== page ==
It’s Bat Week! The story of a Tree Bat on Dewees

Posted on

I’ve seen bats on Dewees fairly often in early spring, and occasionally in summer. Since it’s National Bat Week (who knew?!) I thought I would share a story of a lovely encounter with a tree bat in June. I was headed to the beach for a turtle walk slightly before sunrise through the maritime forest, and I was following what I thought was a pale winged warbler/wren through the rather dark forest, when suddenly it seemed like a pine cone fell in front of me, and a small chip broke off and fell slightly further away.

Tree Bat, Seminole
What I thought was a pinecone and a chip

Something seemed weird, so I parked the golf cart and walked up to find a small bat with dark reddish brown wings spread out along the sandy path. The tiny chip turned out to be a baby bat about a foot away, and the mother flew off when I got close, so I retreated about 50 feet to see what would happen. I got back in the golf cart because for some reason the birds are happier when I am not on foot, so I figured that might apply to bats.

Lasiurus seminolus
Baby bat waiting for the mother to return

It was hard to see in the pre-dawn gloom, but eventually the mother returned and covered the baby and froze on the ground.

Tree Bat, Seminole Bat
Mother bat covering baby

I went closer to look and could see the small arm of the baby reaching around the mother’s neck, like a hug, and as I went for the camera she seemed to tuck it underneath and flew off with the baby.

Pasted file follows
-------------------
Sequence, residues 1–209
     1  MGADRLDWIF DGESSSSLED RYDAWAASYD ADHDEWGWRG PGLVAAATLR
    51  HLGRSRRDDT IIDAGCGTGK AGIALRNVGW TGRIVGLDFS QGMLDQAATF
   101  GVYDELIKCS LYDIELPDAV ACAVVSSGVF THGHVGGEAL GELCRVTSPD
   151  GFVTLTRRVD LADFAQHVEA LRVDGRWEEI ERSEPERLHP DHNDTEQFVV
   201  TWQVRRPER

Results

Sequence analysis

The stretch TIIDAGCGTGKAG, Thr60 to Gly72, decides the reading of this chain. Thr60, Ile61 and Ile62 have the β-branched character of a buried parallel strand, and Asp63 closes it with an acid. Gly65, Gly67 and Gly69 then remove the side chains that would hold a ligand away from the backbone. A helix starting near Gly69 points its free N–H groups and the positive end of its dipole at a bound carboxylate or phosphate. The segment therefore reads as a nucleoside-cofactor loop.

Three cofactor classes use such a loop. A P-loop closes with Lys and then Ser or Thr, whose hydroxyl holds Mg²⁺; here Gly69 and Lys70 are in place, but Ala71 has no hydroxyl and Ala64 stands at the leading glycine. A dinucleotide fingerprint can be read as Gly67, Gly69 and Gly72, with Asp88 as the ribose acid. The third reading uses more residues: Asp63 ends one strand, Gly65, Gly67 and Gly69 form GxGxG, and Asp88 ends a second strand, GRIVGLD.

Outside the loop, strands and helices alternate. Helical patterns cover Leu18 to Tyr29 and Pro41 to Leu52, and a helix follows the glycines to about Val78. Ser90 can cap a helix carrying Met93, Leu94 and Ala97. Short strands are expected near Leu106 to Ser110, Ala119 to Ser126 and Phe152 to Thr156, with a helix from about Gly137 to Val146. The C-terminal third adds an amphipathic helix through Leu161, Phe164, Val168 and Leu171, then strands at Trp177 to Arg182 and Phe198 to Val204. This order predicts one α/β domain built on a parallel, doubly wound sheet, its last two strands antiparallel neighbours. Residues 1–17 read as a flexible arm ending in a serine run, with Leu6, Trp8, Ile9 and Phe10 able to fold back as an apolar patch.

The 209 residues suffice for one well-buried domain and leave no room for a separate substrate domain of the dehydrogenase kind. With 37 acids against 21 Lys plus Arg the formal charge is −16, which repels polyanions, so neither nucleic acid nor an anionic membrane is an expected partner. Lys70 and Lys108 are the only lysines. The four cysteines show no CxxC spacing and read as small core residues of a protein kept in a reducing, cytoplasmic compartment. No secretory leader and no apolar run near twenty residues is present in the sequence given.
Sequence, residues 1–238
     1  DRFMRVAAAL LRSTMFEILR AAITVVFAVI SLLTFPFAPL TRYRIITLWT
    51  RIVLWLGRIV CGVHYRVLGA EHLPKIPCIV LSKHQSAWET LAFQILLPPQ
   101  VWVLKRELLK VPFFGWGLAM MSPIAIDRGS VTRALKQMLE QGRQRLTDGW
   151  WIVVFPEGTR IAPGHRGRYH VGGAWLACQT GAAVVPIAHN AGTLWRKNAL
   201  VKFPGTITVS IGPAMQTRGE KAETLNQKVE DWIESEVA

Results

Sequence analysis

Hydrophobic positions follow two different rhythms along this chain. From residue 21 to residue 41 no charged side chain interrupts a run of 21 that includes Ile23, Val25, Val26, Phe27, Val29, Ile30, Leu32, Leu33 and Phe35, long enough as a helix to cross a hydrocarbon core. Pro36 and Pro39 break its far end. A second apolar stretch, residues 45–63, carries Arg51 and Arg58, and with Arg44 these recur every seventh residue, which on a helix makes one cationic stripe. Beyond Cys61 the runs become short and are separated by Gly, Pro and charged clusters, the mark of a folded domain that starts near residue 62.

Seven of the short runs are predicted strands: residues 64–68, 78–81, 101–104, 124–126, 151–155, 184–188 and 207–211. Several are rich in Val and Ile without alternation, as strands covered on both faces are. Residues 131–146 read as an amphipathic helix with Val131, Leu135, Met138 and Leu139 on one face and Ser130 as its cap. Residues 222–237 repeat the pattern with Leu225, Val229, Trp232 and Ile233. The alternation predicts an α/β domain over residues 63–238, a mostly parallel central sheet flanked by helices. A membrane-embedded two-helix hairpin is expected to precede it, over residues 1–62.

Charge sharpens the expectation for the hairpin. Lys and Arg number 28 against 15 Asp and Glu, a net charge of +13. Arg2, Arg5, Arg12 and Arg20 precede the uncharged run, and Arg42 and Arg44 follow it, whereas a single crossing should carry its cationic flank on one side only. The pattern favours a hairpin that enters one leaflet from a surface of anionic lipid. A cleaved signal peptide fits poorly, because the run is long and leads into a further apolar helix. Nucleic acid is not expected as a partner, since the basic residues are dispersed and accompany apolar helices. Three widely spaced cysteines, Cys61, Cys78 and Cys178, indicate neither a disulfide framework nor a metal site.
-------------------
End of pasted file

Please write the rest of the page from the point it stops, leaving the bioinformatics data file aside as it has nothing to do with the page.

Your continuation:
tree bat

You can just barely see the baby on the right side of the photo above.

tree bat
Seminole Bat before flying off

I was left with a bunch of questions: What species are possible? Where do they nest/roost? What would make a bat drop a baby? Is that some ecosystem thing to worry about? I assumed that intervention would make things worse– but should I have done anything differently?

I emailed my South Carolina Master Naturalist Instructor and guru, Keith McCullough, and he said he’d research it and get back to me. He reached out to a grad student at Auburn who had been doing bat research at Caw Caw County Park, and this is what she said:

The bat in the pictures is either an Eastern red bat (Lasiurus borealis) or a Seminole bat (Lasiurus seminolus). It’s kind of difficult to tell from the colors in the picture, but it looks more like a Seminole based on the mahogany colored fur.

Baby bats can be born at up to 40% of the female’s body weight (!) and only increase in weight as they grow. Most tree bats (what reds and Seminoles are called) forage with their babies clinging on to them. It is not uncommon for the baby to fall off the mother while she is flying and sometimes people assume they’re rabid and kill them. Finding a bat like this is nothing to worry about. It is possible that the baby was falling off the mom and the mom was trying to catch it. It is also possible that something entirely different was happening. I’ve heard of bats occasionally falling out of trees but I’ve never seen one do it.

Lasiurine bats are some of my favorites and are absolutely gorgeous! These bats tend to roost in foliage or under exfoliating tree bark. Females can have 1-4 pups, but having only one or two is more common.